Live, On the Road, From New Jersey

John McManamy Health Guide
  • I’ve just boarded AMTRAK out of Newark headed for WashingtonDC. Last night I gave a talk to a DBSA group in Morristown, NJ. I first spoke in Morristown three and a half years ago. Back then I was cowering behind a lectern, reading from a prepared text, trying to control the quaver in my voice.

     

    Now I was standing out in front of the audience, with no notes, laughing and joking and having a great time. The written version of my talk contains no funny lines, but every time I get out in front of people something unexpected and improbable just happens to pop out, and I leave it in for my next presentation. One lady came up to me afterward and told me this was the first time she had laughed in five weeks, which is perhaps the most gratifying feedback I have ever received.

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    I told the lady that I was writing her a prescription for Seinfeld every day, plus The Daily Show. Her daughter nodded appreciatively. Laughter is often the best medicine.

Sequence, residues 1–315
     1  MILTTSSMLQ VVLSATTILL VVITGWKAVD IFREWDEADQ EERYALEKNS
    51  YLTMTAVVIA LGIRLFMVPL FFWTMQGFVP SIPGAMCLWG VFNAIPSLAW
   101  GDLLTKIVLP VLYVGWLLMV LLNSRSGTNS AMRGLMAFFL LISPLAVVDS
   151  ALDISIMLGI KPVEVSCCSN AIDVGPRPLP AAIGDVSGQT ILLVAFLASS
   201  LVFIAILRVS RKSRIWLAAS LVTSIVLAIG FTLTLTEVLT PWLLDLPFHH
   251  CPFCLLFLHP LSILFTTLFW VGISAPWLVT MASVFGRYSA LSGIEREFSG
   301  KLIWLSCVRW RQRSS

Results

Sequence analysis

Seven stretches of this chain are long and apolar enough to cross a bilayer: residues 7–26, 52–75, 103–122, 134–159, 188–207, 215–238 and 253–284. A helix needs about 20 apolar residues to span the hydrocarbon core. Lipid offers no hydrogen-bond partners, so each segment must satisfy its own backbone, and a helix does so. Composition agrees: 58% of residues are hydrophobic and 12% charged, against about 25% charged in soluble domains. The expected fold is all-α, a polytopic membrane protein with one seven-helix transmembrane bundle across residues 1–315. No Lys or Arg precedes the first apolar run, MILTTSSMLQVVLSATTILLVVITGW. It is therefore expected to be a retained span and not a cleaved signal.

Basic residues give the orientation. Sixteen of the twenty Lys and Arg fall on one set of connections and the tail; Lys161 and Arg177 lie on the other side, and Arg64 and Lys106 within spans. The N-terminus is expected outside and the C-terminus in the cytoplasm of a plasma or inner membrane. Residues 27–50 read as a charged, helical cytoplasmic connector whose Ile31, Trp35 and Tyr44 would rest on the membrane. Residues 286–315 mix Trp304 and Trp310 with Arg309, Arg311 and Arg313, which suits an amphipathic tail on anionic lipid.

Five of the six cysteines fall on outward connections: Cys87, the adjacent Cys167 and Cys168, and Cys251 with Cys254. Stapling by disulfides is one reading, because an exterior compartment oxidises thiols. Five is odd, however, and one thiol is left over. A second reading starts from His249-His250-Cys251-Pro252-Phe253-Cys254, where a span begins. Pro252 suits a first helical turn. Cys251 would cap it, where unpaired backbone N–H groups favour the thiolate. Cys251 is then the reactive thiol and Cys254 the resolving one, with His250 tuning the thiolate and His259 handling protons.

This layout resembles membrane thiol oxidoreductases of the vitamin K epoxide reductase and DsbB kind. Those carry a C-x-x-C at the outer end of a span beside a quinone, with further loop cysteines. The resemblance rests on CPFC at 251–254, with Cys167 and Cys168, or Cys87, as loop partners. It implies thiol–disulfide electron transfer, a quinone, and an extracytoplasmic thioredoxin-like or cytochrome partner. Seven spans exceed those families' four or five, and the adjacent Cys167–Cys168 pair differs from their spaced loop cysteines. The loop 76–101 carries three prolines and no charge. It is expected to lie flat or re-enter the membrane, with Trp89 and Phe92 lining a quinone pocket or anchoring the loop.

Two DBSA colleagues who had heard me speak from way back commented on how relaxed and at ease I was this time around. I said it probably had to do with the fact that I was a bit more practiced now. No, each one told me independently. You’re way further along in your recovery. People actually envy you. Envy, in the good sense of the word.

     

    Recovery is an incremental, barely perceptible process. I have noticed since moving to the San Diego area that I’m feeling a lot better, but I feared I could be living in a fool’s paradise. We are all experts at self-delusion. I’ve been dealing with a marriage break-up, and in this situation it is all too easy to kid myself.

     

    This visit back east was the true test. A few days before, it became obvious that my family was happy for me. Now my New Jersey mafia was giving me the unqualified thumbs up.

     

    I won’t go so far to say I’m recovered or have found the secret of happiness. Life throws us way too many curve balls for me to get over-confident. Yes, I am often the worst judge of my own situation, but my east-coast “people meter” does not lie. Something in me has definitely shifted.

     

    And I’m very happy about that. 

     

Published On: March 29, 2007